HIT. Does it work?
That’s the question posed by one Muscle Evo reader this week.
“I’m currently following a HIT program,” he wrote. “I do one working set to failure and leave a minimum of four days between each workout to encourage maximum growth. What do you think about HIT? Is it an effective way to build muscle?”
HIT is short for high intensity training (not to be confused with HIIT, or high intensity interval training).
It was made popular in the early 1970’s by Arthur Jones, the inventor of the Nautilus range of exercise machines. Most HIT programs revolve around short workouts, a high intensity of effort and a low volume of training, which I’m going to define here as the number of sets per exercise.
“The set should be terminated only when it is impossible to move the weight in any position,” Jones wrote in one of his Nautilus Bulletins. “When the bar literally drops out of your exhausted hands.”
The idea behind doing one set to failure is that as soon as you reach the point of momentary muscular failure, the muscle growth “trigger” has been activated. Once the “growth mechanism” has been set in motion, additional sets are unnecessary as they simply make inroads into your limited recovery ability.
Is HIT an effective way to build muscle?
HIT is actually an umbrella term that covers a wide range of training programs, each one with a number of very different training variables.
Mike Mentzer’s version of HIT, for example, differs from the type of training recommended by Arthur Jones. The routines in Mike’s first Heavy Duty book also differ substantially from those in his second book (Heavy Duty II: Mind and Body).
All of which makes it impossible for me to say that HIT is either effective or not effective. It’s more of a philosophy or set of guiding principles than it is a specific program.
So here, in no particular order, is a random collection of my thoughts on the subject of HIT, training volume, and the importance (or not) of training to failure:
1. The way that training volume is distributed over the course of the week will have a big impact on your progress. Three sets done once a week, for example, is going to produce different results to one set done three times a week.
2. A single set is never really a single set as it will invariably be preceded by several progressively heavier warm-up sets, all of which can contribute to gains in muscular size and strength.
3. There is a theoretical “optimal” number of sets per muscle group, above and below which gains in strength and size will be compromised. This optimal number will depend on your goals, genetics, recovery ability, training age, diet, as well as any other training you’re doing. It will also change over time.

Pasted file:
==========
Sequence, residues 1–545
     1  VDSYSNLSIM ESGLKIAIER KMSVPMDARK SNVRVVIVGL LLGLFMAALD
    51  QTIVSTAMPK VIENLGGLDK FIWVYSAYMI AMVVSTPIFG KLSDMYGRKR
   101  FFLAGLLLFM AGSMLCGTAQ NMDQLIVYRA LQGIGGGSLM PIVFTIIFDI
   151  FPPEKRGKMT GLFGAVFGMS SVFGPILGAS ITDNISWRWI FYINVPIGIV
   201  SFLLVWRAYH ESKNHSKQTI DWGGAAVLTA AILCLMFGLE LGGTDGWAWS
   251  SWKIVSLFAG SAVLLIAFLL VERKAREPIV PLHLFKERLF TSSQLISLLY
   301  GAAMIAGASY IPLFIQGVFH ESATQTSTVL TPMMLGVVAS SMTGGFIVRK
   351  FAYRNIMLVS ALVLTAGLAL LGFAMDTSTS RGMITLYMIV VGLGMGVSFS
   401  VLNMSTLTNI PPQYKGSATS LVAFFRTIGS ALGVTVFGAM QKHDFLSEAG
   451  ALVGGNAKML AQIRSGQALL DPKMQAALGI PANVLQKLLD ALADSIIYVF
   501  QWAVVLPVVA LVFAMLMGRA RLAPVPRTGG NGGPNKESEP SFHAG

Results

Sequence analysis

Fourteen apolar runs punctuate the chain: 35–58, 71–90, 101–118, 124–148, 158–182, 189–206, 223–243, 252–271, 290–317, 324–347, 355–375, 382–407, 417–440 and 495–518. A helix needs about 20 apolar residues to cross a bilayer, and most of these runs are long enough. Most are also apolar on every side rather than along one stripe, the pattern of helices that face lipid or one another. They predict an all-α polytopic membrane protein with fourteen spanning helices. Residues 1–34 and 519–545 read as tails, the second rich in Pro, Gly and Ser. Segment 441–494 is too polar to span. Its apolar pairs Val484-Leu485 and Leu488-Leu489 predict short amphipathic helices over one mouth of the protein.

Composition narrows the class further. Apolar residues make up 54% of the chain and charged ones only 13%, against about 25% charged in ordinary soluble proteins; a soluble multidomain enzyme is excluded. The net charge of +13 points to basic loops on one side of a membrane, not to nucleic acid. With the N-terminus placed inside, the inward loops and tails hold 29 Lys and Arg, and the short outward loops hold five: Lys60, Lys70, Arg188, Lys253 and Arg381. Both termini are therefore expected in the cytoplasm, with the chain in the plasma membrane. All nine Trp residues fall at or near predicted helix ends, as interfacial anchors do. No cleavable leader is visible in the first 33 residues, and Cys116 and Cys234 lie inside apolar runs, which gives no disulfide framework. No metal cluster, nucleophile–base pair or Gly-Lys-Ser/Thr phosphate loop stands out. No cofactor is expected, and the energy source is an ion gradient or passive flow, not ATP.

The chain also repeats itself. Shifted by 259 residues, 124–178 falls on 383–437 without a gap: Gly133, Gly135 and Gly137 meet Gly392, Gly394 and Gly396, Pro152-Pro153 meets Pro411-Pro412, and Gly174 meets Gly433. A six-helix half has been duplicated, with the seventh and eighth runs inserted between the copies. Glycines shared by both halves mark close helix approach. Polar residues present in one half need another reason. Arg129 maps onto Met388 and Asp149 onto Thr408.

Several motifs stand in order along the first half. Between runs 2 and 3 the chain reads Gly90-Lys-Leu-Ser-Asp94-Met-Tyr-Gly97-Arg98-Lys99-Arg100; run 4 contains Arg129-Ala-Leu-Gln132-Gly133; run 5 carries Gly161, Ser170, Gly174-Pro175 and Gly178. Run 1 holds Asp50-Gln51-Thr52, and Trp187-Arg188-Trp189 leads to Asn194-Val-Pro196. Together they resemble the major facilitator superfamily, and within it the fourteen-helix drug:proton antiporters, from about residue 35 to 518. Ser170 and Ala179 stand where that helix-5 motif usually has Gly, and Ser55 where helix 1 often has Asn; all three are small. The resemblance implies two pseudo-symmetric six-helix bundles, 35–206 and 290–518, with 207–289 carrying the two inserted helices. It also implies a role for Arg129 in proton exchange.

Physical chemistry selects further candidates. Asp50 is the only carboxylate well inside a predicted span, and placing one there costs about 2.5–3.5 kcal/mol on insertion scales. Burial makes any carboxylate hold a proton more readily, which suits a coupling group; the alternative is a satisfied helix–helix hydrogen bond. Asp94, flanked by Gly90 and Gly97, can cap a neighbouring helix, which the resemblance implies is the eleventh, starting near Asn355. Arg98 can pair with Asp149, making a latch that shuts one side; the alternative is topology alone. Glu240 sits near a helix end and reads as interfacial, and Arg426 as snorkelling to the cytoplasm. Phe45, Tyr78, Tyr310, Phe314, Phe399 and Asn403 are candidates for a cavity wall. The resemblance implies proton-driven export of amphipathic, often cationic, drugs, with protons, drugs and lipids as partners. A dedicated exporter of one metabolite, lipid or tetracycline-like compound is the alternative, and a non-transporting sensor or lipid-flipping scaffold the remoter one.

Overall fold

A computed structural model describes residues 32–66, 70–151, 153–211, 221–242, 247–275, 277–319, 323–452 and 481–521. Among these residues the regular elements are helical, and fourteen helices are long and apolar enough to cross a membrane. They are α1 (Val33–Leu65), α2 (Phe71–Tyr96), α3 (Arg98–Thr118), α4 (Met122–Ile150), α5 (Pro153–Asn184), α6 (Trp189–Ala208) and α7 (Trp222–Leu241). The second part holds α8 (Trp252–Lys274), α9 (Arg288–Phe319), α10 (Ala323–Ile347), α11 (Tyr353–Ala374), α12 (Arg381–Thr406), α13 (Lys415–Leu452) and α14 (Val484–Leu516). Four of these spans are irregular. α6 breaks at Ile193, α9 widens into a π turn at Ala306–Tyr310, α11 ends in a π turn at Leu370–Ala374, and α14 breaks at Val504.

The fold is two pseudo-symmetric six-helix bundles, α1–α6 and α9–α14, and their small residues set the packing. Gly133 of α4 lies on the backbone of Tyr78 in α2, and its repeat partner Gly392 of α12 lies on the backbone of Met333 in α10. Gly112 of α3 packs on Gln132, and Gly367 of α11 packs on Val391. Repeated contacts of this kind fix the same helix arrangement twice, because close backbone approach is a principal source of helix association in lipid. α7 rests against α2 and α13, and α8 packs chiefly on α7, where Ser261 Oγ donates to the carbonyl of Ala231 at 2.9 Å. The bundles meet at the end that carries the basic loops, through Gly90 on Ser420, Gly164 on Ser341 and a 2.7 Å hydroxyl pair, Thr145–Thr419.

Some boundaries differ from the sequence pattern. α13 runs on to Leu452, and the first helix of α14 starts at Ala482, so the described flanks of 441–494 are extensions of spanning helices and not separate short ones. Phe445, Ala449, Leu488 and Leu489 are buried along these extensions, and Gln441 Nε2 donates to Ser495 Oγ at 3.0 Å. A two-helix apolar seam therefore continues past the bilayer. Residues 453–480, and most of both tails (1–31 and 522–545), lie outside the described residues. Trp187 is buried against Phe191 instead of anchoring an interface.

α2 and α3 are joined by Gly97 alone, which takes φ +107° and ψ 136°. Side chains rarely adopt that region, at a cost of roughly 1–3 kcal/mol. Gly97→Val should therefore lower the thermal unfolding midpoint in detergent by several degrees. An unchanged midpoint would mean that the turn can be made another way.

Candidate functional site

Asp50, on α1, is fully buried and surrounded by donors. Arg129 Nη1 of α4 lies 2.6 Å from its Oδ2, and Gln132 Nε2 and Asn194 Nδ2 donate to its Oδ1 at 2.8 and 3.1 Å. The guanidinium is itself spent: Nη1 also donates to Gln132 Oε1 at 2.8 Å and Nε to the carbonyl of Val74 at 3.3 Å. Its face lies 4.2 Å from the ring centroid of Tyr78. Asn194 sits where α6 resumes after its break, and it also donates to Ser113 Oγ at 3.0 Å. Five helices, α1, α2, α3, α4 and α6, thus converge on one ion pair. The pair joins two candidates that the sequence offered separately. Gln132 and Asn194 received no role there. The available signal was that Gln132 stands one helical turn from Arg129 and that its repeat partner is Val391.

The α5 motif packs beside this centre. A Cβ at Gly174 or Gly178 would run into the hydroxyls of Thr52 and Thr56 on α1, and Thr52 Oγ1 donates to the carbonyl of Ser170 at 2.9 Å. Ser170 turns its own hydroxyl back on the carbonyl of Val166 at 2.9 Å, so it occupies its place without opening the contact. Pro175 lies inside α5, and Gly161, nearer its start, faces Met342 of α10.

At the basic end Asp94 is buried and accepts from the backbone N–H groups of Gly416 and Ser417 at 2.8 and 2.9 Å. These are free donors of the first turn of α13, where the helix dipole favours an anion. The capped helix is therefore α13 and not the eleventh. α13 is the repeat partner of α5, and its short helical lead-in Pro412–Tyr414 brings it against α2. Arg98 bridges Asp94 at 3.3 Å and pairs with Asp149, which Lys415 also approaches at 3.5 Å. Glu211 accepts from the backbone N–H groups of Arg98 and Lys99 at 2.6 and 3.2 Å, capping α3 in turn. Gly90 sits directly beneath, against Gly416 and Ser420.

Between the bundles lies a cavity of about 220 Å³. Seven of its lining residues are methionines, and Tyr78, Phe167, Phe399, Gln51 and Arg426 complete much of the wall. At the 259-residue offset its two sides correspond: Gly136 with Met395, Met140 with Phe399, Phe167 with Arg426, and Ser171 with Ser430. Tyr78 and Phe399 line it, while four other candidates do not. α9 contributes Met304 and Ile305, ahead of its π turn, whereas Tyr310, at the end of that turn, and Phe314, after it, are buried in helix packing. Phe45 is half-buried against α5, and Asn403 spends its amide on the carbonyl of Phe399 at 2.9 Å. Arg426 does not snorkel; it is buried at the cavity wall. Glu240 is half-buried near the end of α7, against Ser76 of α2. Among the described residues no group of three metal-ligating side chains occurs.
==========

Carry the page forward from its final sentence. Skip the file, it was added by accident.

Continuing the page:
4. The optimal number of sets per exercise also depends on the exercise itself. The deadlift, for example, is an extremely demanding exercise that works more muscle mass than any other movement. Recovering from the deadlift takes longer than it does from exercises such as the bench press or overhead press. This is something you’ll need to factor in when deciding how many sets of the deadlift to do.
5. Stimulating gains in size and strength is not an “on-off” phenomenon. When you want to get a tan, you gradually expose your skin to the sun and your skin gets darker. It’s not necessary to expose your skin to the most intense sunlight it can stand, to the point where it blisters.
6. There’s nothing particularly special about reaching concentric failure, as your muscles are still capable of doing both eccentric and isometric work. Nor is there any good reason to believe that hitting concentric failure (as opposed to eccentric or isometric failure) is what flips the muscle growth switch to the “on” position.
7. The relationship between input (training volume) and output (muscular gains) isn’t a balanced one. Three sets of an exercise may yield better results than one set. But they won’t deliver three times better results. Spending three times longer in the gym is no guarantee that you’re going to gain muscle three times more quickly.
SEE ALSO: THE MUSCLE BUILDING CHEAT SHEET
If you're fed up spending hours in the gym with nothing to show for it, then check out The Muscle Building Cheat Sheet.
It's a "cut the waffle and just tell me what to do” PDF that tells you exactly how to go about building muscle. To download a copy, please click or tap here.
ABOUT CHRISTIAN FINNChristian Finn holds a master's degree with distinction in exercise science, is a former personal trainer and has been featured on BBC TV and radio, as well as in Men's Health, Men's Fitness, Fit Pro, Zest, and Perfect Body magazine.